Background. Vitamin D deficiency is common in elders. However, little is known about the implications of vitamin D deficiency in elder self-neglect. Specific Aims. To characterize a group of self-neglecting elders with vitamin Ddeficiency based on clinical, cognitive, and functional status. Participants. Forty-four self-neglecting elders referred by the Adult Protective Services. Methods. Vitamin D status of the self-neglecting elders was based upon serum levels of 25-hydroxyvitamin D (25-OHD). Demographics, cognitive, and functional characteristics of vitamin Ddeficient self-neglecting elders were described and compared to thosewithout vitaminDdeficiency. Results. Vitamin D deficiency (25-OHD < 25 nmol/L) was detected in 16 out of 44 self-neglecting elders (36%). Self-neglecting elders with vitamin D deficiency had lower scores in the Physical Performance Test and higher scores in the Kohlman Evaluation of Living Skills, compared with those who were not vitamin D deficient (p = 0.014 and p = 0.018 respectively). Conclusions. Vitamin D deficiency is common in elder self-neglect. Self-neglecting elders with vitamin D deficiency have impaired physical performance and inadequate living skills, which can be potentially improved by treating vitamin D deficiency.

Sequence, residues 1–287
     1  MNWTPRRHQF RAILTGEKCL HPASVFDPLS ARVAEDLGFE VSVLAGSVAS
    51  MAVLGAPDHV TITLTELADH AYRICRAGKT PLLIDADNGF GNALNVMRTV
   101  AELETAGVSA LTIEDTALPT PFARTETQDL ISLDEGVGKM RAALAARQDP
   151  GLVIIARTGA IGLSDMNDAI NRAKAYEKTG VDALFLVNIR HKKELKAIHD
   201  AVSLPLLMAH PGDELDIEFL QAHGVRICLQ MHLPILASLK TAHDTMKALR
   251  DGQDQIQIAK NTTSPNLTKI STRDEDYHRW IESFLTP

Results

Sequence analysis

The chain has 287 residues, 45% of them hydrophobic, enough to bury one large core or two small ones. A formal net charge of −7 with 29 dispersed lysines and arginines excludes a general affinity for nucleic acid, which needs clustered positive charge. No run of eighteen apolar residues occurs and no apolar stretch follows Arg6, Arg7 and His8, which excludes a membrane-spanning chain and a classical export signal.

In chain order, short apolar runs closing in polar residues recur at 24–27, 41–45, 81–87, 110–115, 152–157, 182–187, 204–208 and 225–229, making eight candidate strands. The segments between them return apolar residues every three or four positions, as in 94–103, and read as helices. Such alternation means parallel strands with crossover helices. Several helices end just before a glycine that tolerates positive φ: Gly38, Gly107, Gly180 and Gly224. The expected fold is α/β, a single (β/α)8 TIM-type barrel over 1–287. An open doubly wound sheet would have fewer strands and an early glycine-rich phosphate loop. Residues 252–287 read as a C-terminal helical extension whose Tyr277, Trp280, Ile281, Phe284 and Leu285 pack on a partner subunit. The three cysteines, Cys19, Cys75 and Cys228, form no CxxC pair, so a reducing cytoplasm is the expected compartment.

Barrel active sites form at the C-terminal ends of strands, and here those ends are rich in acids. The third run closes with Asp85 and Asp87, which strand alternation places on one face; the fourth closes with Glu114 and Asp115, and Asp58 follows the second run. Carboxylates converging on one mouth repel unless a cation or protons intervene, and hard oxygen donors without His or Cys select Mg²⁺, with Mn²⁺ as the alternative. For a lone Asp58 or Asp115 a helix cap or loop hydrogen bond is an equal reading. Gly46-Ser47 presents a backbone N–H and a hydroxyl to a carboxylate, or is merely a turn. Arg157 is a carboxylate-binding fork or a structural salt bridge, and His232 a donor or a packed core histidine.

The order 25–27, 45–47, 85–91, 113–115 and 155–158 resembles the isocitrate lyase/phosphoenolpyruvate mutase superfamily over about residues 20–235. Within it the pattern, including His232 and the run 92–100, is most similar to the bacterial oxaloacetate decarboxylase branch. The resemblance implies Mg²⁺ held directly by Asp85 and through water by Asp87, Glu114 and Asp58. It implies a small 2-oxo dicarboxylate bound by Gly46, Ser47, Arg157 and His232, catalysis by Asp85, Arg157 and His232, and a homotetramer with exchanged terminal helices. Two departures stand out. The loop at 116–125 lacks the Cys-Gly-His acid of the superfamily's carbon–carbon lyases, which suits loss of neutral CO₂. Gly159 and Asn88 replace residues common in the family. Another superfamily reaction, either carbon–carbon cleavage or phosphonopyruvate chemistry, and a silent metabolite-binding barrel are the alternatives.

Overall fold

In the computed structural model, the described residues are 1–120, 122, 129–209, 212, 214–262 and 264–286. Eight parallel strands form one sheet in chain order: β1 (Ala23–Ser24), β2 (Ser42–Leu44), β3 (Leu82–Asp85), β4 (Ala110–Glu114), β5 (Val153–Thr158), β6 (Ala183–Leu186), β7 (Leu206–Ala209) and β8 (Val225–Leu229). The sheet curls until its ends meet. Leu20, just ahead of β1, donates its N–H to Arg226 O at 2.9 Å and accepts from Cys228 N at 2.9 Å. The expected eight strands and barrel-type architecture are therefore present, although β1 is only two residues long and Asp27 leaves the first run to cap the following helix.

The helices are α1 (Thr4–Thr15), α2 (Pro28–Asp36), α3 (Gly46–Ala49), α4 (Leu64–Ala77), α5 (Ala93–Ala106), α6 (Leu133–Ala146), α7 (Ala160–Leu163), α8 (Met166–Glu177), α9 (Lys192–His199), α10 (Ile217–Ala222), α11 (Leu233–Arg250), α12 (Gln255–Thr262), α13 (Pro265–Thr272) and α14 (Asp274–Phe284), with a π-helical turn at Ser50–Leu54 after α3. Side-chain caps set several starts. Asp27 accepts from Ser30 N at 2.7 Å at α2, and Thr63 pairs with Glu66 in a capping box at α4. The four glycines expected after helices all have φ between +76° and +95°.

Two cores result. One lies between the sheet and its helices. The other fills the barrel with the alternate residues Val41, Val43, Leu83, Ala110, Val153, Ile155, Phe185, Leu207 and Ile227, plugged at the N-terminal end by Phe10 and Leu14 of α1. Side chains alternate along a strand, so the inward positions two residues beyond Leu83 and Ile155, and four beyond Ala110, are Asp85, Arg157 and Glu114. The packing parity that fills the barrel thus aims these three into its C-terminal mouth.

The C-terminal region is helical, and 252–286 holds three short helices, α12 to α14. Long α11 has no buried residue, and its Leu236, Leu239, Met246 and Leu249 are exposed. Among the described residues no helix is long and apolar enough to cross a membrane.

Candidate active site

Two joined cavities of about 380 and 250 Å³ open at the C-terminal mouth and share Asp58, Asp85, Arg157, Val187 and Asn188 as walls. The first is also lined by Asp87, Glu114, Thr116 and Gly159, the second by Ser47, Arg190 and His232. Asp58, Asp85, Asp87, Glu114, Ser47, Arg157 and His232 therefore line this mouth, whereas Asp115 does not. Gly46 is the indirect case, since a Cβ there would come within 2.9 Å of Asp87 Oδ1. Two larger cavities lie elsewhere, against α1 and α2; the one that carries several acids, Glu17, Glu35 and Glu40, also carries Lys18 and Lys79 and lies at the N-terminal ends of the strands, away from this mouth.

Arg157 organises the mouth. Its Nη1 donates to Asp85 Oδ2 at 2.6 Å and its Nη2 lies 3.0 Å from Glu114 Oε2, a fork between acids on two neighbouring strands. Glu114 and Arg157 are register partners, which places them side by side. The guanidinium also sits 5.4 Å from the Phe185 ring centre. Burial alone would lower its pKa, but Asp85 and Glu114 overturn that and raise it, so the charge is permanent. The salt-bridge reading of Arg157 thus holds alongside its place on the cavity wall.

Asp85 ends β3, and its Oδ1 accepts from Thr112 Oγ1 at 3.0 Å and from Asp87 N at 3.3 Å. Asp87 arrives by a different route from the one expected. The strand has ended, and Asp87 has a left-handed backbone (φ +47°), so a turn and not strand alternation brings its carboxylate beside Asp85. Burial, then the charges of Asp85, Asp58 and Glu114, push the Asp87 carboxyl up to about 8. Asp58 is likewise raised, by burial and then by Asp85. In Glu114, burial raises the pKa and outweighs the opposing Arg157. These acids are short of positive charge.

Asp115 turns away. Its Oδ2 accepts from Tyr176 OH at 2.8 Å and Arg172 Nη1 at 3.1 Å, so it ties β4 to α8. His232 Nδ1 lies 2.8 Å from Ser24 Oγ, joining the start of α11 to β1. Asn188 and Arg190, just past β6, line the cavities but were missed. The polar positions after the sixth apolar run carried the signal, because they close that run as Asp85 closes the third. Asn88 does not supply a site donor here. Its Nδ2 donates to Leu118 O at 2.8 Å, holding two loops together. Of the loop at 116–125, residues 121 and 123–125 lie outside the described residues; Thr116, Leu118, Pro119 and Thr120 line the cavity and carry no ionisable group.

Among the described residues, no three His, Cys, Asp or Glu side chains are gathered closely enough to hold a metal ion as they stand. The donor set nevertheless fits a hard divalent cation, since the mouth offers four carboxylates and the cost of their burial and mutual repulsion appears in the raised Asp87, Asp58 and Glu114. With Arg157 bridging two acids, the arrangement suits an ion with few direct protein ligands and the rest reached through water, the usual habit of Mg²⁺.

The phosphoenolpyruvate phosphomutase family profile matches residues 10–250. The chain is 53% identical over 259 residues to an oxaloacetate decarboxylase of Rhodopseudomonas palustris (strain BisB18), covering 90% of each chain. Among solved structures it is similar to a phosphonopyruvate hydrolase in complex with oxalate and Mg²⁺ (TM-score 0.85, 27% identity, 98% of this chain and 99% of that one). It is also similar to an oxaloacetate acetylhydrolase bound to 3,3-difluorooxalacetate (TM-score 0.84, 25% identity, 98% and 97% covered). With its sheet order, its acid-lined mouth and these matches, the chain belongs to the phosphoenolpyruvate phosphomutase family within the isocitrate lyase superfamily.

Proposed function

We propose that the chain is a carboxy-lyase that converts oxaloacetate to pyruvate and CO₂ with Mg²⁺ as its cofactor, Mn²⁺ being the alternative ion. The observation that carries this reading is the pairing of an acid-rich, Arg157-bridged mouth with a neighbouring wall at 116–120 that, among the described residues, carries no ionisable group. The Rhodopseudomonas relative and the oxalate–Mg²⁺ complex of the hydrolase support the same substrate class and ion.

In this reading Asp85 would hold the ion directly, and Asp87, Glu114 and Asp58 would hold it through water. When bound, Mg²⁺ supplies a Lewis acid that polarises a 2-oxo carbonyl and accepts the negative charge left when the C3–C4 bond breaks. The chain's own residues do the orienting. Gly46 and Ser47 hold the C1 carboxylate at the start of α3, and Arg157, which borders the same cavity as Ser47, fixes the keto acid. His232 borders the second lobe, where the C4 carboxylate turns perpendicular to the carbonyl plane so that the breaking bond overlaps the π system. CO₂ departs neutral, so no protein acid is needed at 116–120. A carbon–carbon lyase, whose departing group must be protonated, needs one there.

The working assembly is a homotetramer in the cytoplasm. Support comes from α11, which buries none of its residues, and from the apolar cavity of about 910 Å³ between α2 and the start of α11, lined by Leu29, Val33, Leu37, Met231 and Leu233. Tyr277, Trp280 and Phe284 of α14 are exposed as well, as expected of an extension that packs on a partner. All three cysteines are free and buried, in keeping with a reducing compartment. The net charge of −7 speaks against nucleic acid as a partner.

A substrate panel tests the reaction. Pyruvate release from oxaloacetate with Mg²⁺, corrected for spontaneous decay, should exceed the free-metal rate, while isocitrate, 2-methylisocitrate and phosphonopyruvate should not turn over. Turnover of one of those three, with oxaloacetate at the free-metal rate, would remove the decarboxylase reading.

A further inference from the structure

- Elder self-neglect
- Kohlman Evaluation of Living Skills (KELS)
- Physical Performance Test
- Vitamin D deficiency
ASJC Scopus subject areas
- Social Sciences (miscellaneous)
- Geriatrics and Gerontology